Frozen-great children's movie


Starring: Kristen Bell, Idina Menzel, Jonathan Groff, Josh Gad, Santino Fontana, Alan Tudyk

Directed by Chris Buck and Jennifer Lee

Runtime: 108 min.

COLLEGE SQUARE MALL SHOWTIMES: 9:10, 9:45, 12:20, 2:50, 5:20, 8 and 10:35 p.m.

Your first pimple; an unbecoming birthmark; a stutter in your voice; a limp in your step. Perhaps these are problems that plague many children, alienate them and make them feel like outsiders.

In Frozen, Elsa is self-conscious of her ability to conjure ice. She can build a snowman on demand, construct a snow fortress or drastically drop the temperature of a room.

She can also inflict harm on those she loves.

And that is how Frozen begins: Elsa accidentally strikes her sister Anna in the head with a stream of ice while innocently playing around. Their parents cure Anna by visiting some magical trolls who remove the ice from her brain.

Anna and Elsa only have each other — they are locked away in a castle because Elsa must learn to control her ever-growing, potentially dangerous powers. Elsa and Anna used to play with each other everyday, but now Elsa hides herself from Anna, fearful she’ll harm her sister once again.

This selfless act reinterprets the pressures children face regarding their socially abnormal quirks. Frozen takes very familiar angst among children and deconstructs it on an unfamiliar level.

For Elsa, her personal oddity not only distances her from most people, but also exacts damage on loved ones. Any child can recognize how easy it is to push away those who don’t understand their problems, and that’s why children will connect with Frozen.

The great thing about Frozen is that the filmmakers reinterpret this fear on magical, adventurous, romantic and hilarious levels. Children can stare in awe as Elsa runs away from home and builds an ice fortress around herself—an extreme expression of solitude and isolation. But children can also root for Anna to race through the forest and break through Elsa’s icy walls and prove that love conquers all fears.

Frozen also features a romance between Anna and Kristoff, who joins Anna on her journey of retrieving her sister. Once again, the film never abandons the core family values at hand, as Elsa’s emotional blockade sends Anna into depression, fearful she cannot rekindle their past friendship. Thus, her inability to be friends with Anna’s impedes her ability to truly love Kristoff.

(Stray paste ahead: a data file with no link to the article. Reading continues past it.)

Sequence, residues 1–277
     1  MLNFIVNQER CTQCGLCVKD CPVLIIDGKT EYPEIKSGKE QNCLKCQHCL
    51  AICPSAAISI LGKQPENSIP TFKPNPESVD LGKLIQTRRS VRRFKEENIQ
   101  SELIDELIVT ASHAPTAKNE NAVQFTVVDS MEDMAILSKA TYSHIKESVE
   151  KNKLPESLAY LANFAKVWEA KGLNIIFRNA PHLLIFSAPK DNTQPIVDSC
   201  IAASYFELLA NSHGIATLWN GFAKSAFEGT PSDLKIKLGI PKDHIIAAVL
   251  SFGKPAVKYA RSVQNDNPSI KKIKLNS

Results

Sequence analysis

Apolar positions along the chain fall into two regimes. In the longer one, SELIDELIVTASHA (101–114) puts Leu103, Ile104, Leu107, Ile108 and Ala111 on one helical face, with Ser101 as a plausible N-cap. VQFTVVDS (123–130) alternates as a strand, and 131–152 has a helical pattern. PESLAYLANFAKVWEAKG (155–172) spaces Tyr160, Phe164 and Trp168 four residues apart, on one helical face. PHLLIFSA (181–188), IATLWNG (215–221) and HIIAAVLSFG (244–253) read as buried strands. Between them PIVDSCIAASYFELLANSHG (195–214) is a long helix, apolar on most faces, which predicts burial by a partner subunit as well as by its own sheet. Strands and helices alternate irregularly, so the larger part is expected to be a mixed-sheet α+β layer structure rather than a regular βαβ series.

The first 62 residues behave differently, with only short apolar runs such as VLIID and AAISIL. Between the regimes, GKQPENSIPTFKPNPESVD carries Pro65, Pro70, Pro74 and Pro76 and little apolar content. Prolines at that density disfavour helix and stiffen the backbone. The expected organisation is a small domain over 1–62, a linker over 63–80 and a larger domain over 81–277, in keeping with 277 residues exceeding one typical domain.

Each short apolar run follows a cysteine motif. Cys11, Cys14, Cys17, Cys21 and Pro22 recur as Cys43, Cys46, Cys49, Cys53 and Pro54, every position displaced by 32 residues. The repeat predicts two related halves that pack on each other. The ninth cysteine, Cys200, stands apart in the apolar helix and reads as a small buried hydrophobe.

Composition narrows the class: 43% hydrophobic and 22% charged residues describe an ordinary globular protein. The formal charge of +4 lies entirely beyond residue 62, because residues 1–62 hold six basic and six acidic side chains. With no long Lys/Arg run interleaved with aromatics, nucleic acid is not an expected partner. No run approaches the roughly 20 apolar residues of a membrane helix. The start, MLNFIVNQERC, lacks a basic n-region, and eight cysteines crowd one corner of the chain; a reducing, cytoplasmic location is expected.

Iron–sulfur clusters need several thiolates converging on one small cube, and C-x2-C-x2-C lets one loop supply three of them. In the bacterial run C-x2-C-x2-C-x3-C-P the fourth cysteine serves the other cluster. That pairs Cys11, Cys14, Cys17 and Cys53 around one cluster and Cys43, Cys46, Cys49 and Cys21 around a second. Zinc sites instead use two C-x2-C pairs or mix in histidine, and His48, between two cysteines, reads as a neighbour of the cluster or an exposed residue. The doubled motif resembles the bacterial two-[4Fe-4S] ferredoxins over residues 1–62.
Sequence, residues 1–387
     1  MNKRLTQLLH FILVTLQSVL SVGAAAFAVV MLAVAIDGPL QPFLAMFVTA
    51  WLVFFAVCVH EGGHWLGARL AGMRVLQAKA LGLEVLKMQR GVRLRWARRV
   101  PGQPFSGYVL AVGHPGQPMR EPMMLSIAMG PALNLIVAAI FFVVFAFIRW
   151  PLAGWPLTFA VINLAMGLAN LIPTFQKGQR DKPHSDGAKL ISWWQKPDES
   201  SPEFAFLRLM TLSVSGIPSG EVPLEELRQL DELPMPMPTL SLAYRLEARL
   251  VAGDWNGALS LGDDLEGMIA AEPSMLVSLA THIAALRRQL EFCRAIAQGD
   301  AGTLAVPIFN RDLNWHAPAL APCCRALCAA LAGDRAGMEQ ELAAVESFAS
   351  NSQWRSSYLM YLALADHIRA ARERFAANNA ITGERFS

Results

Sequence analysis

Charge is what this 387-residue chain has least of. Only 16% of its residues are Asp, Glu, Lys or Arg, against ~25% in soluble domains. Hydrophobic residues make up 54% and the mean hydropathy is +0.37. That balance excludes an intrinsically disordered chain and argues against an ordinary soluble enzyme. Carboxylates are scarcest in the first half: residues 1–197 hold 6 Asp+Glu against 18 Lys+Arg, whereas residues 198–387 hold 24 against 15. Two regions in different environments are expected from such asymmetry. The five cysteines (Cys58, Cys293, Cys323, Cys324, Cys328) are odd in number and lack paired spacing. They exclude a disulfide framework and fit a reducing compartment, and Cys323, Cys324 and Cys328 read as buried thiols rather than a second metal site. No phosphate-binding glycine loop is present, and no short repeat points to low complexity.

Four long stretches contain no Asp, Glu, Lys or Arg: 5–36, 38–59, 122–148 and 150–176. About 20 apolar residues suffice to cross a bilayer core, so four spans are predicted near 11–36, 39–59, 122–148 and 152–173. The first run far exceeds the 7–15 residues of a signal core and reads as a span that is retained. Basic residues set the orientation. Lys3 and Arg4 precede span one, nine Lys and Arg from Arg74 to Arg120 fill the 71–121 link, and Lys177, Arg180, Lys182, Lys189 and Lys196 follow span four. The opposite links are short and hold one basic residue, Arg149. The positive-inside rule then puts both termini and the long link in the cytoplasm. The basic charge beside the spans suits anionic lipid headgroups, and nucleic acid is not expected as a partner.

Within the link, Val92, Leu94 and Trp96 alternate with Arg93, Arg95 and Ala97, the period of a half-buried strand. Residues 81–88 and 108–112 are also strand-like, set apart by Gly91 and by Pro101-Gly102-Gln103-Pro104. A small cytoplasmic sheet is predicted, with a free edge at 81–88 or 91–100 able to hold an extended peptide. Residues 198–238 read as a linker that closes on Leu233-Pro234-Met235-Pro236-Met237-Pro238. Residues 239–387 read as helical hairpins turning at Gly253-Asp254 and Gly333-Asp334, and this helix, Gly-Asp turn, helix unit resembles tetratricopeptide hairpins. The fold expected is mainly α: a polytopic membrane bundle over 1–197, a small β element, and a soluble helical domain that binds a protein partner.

Along this journey of learning to accept oneself, Anna and Kristoff encounter Olaf, a short, goofy snowman Anna and Elsa built as children who has now come to life. Olaf is a constant reminder of the friendship Anna desperately seeks to reignite, but he’s also the funniest character in the film.

Olaf reminds me of why Disney animated films will always put Dreamworks films to shame. Films like “Despicable Me” and “Megamind” rely on abuse and physically hurting others for laughs. “Frozen” completely relies upon dialogue, comedic timing, and character quirks for its humor.

The minions in Despicable Me rely on a hurting each other to remain relevant. Olaf, on the other hand, practically speaks directly to the children, trying to make them laugh, but also reminding them why Anna and Elsa’s love can cure all evil.

Frozen also features many breathtaking musical numbers. Just like other recent Disney animated features, such as Tangled and The Princess and the Frog, Frozen employs two actresses with singing chops: the talented Kristen Bell and Idina Menzel, who starred in the Broadway musical Rent and a number of episodes of Glee.

Josh Gad is also notable as Olaf. Gad starred in the Tony award winning musical The Book of Mormon, and he brings his knack for mixing comedy and music to “Frozen.”

For whatever drawbacks Frozen owns, such as the lame use of 3-D, the film remains absolutely recommendable for its focus on the children in the audience. It’s honest, heartfelt and funny, and adults will undoubtedly recognize the deeper emotional resonance a film like this serves.

Travis Bean lives in Cedar Falls and enjoys writing about films.